The Information and Broadcasting Ministry has proposed a new Cinematograph (Amendment) Bill, 2021 which is to be discussed in the Parliament today. Among many other things, it provides the Union government the privilege to order ‘reexamination’ of an already certified film, and scrap incendiary movies which might be already cleared by the Central Board of Film Certification (CBFC).
“The Supreme Court has also opined that the Legislature may, in certain cases, overrule or nullify the judicial or executive decision by enacting an appropriate legislation”,the I&B Ministry added.
Lately, the films certified by the CBFC have come under intense scrutiny for allegedly pushing anti-Hindu agendas. The Parliamentary Committee will discuss the proposed new Cinematograph Bill 2021 of the Central Government today. Actor Kamal Haasan will attend this meeting on behalf of the film industry. The bill received a lot of criticism from many actors and filmmakers which include more than 3000 people of the film industry who have signed and sent their objection to the Ministry of Information and Broadcasting.
These include many big names like Vishal Bhardwaj, Mira Nair, AnuragKashyap, ShabanaAzmi, FarhanAkhtar, Hansal Mehta, RakeyshOmprakashMehra and Kamal Haasan who have been seen actively opposing this bill. They claim the new cinematography bill is a threat to the freedom of expression.
It is important to note that the Central Board of Film Certification (CBFC) was created under the Cinematograph Act 1952. The Central Government has proposed to amend the Cinematograph Act,1952 itself. According to the rules, it is necessary to consult the public before implementing the new act. Although, it is necessary to provide a public scrutiny for comments and suggestions for 30 days, the government had provided only 14 days for public consultation until 2nd June, 2021. This further added fuel to the fire over the controversy surrounding the bill.
There was no strict law regarding piracy in the Cinematograph Act 1952, which is currently in force. Section 6AA has been recently added in the Cinematography Bill 2021. Under this new section, copying any film without rights will be considered an offense and strict action will be taken against the person. In case of piracy, a provision of imprisonment for three months to three years and a fine of three lakh rupees have been added to the accused. Along with this, 5 percent of the production value of the pirated film may also have to be paid in fine. The government aims at curbing piracy with this new bill.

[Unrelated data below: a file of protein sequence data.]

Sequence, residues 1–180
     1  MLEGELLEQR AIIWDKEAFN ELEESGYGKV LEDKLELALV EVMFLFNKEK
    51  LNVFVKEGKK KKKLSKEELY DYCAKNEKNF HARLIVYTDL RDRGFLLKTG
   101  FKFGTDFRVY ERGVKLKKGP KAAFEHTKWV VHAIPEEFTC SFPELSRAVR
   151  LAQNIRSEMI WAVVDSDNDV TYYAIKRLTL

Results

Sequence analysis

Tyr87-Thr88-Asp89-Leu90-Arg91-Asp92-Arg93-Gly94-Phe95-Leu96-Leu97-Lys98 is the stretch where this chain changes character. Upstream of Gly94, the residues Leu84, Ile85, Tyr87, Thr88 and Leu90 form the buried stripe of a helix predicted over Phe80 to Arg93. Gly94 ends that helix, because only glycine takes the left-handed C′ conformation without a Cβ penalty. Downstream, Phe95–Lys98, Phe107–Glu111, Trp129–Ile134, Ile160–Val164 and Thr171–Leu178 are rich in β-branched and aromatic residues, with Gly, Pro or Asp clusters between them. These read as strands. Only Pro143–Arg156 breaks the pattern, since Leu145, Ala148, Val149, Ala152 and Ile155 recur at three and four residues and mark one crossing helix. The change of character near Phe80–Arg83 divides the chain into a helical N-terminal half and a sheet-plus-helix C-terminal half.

6AA: “Notwithstanding any law for the time being in force, no person shall without the written authorization of the author be permitted to use any audio visual recording device to knowingly make or transmit or attempt to make or transmit or abet the making or transmission of a copy of a film or a part thereof.”
Read more: Aamir Khan Starrer Anti-Hindu Movie PK added to Collection Of government-run NFAI
TFI has already reported about this bill last month when the draft of Cinematograph (Amendment) Bill, 2021 was first introduced and opened to the general public for comments. They explained the provisions of the bill and further explained why people are against it, as it will thwart the ability to churn Hinduphobic content. They have provided examples of movies like Sherni and PK to elaborate on the same.
The proposed amendments in the Cinematograph Act aims to increase Industry revenues, boost job creation, fulfill important objectives of India’s National IP policy and will give relief against piracy and infringing content online. However, the major issue creating controversy is that under the Cinematography Bill 2021, the government will have enough authority to cancel the certificate of that film. TFI had argued at the time that movies like PK which attacked the Hindu faith would not have gone unchecked with the new draft bill.
However, by feting the movie, the government has sent strong signals on checking the menace of anti-Hindu movies. Freedom of speech is a fundamental right of every citizen however it is not absolute and the government has the right to intervene when it curbs the liberty of another, hurts sentiments, spreads hatred or triggers violence.